DK: With Houston, a lot of our players went home. I’m back in Barrie, Ontario. There are a few that stayed there, but mostly players go back to their hometowns to live and train. After an almost eight month season, just being home around family and friends is what a lot of players need. There are some players that go play in Australia just to continue to play as their season is just about to start and the timing lines up with our off-season perfectly. I’m interested in doing that in the future.
TG: It is an incredible time in women’s soccer with all of the momentum and this sort of post-World Cup effect. What’s it like to be a part of?
DK: It’s pretty cool to be in the middle of this. It’s not where it should completely be yet, but seeing how much change has already happened in such a short amount of time is really promising. In college, I had goals to play in the NWSL and, at the time, the salaries were only $5,000 per season. That’s incredibly low and no one can live on that.
So, to see how much the salary has increased in just a couple of years is incredible. (Editor’s note: As of this most recent season, the minimum player salary was US$16,538 and the maximum was US$46,200). It’s not where we want it to be yet, but seeing the changes, and the recognition that’s coming, it makes me excited. The U.S. national team is helping a ton.
Plus, FIFA is putting into women’s soccer, so that alone is helping to close the pay gap between women and men on an international stage (Editor’s note: FIFA’s $1 billion commitment is still a bit vague in terms of how it will be distributed to grow the game, but it is still promising nonetheless). And hopefully that will trickle down and affect other professional teams in North America and beyond. It’s a really exciting thing to be a part of playing during this time of growth.
TG: SO exciting. Growing up you had a dream of playing professionally, but now you’re not just a player, but also part of something so much bigger than the game. What does that mean to you personally?
DK: To me, there’s a real sense of pride in knowing that I’m helping and advocating for equality and recognition for generations to come.
I might not directly be affected or reap all the benefits during my playing career, but knowing I’m working for the next generation who wants to play at the top level and should see that pay gap closed is important.
I’ve wanted to play professional soccer my whole life and it’s coming to fruition. Now, my generation has a good chance of making a huge difference for generations of athletes to come. Knowing that women’s sport is going to survive and grow for a very long time because of my teammates’ actions and so many others…that’s the best feeling.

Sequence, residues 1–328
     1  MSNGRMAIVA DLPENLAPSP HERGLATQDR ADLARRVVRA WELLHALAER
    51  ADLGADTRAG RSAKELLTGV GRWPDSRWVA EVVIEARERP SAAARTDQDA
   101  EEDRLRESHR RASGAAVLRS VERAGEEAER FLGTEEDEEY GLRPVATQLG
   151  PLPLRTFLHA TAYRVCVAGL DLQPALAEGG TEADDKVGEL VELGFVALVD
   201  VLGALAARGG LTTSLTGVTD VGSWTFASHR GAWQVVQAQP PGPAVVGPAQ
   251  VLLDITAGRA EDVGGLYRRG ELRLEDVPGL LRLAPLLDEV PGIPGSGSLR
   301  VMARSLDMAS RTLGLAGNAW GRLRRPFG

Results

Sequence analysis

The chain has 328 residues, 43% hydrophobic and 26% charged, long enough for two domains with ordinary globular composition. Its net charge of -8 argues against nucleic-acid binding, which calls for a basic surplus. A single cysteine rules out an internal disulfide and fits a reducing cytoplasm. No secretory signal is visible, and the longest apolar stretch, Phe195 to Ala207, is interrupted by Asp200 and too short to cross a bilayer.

TG: Who’s your role model?
DK: I would definitely say both my mom and dad. I know that's two people, but my parents have both sacrificed so many things in order to help me live out my dreams, and they have taught me so many invaluable skills that I am seriously so grateful for. Having two amazingly powerful presences for me growing up, and watching them be successful, has helped me shape my strength as a woman. They have truly helped create this strong woman I feel like I am today.
TG: That was great, Devon. Now, let’s end on some rapid-fire questions!
TG: Who’s your guilty pleasure to follow on social media?
TG: What are you binge watching right now?
DK: I’m upset about this now, because I can’t stream it here (reminder: Devon’s in Barrie, ON right now) like I could in the U.S, but American Horror Story. It’s super gross. I love gory TV shows. So, now I’m watching Riverdale...again.
TG: What movie can you quote the best? Can you give me a quote?
DK: Bridesmaids, hands down! “There’s a colonial woman on the wing! There is something they’re not telling us! She was churning butter!”
Also, that scene when she’s on the plane and says, “Oh, you doooo?” I always say that to my mom. She loves it. *Devon laughs*
TG: If you could invite any three people to dinner, who would it be?
DK: Serena Williams would be number one for sure. Billie Jean King. And honestly, Leonardo DiCaprio! He’s also been really involved with environmental change which would be cool to talk to him about.
TG: If you could have any soccer player in the history of the sport on your team... who would it be?
DK: I would probably say . I got to play against her this year when we played Orlando Pride which was very cool. Seeing her in person was awesome. All of the accolades, respect… and the passion she exerts. And the honesty. We need more of her.
TG: Switching Goals or Bend It Like Beckham?
DK: Ooooh Bend It Like Bendham for sure. I’ve seen it so many times.
⚽ In the words of The Ashleys, “Scandalous!”
The GIST: In the ongoing saga of the US women’s national soccer team (USWNT) trying to prove their worth, the US Soccer Federation (USSF) is now saying they don’t have the same skills as the men. *insert eye-roll emoji here*